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Can Bull Med Hist. 1995;12(1):47-67.

Nineteenth-century narrative case histories: an inquiry into stylistics and history.


This study of Canadian nineteenth-century obstetrical and gynaecological case histories enters the current debate about narrative prose and its postulated relation to humanitarianism from a particular point of view. It uses literary analysis to generate new types of evidence to shed light on the development of this medical specialty, and so demonstrates how close textual analysis can be of use to medical historians. The finding that narrative structure played a central role in the development of statistical thinking about disease grants it a highly ambivalent role in relation to humanitarianism. It supports the conclusion that the literary form has no content of its own; narrative appears as a powerful vehicle for creating consensus, but this insight cannot commit one to a view about the subject of the consensus or its social implications.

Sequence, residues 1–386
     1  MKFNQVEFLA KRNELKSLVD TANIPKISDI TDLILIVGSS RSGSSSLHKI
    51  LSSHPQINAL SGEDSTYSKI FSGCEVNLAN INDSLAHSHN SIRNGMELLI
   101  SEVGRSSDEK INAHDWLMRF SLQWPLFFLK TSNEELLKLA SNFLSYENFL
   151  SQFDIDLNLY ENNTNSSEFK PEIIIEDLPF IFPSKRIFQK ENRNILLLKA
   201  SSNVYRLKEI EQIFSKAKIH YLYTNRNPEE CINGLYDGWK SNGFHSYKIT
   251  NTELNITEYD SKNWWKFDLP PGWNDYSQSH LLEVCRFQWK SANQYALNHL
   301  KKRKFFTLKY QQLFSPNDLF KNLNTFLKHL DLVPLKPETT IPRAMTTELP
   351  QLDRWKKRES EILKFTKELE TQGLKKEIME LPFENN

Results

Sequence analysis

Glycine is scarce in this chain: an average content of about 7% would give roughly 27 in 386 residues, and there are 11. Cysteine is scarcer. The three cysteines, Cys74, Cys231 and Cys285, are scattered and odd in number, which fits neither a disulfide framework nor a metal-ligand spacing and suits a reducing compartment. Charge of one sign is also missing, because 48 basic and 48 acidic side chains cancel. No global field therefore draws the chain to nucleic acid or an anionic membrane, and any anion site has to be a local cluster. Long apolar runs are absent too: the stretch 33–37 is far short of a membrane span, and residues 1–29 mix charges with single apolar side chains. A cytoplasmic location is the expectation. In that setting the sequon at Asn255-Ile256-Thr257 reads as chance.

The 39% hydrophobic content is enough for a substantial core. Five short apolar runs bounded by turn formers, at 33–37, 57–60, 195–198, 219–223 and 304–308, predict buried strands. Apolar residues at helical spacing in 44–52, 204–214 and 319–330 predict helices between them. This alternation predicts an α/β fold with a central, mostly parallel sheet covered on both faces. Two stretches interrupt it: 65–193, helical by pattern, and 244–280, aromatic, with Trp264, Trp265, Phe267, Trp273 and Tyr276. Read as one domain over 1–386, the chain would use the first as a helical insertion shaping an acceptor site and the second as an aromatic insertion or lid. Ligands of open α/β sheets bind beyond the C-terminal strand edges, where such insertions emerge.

[Indexed for MEDLINE]

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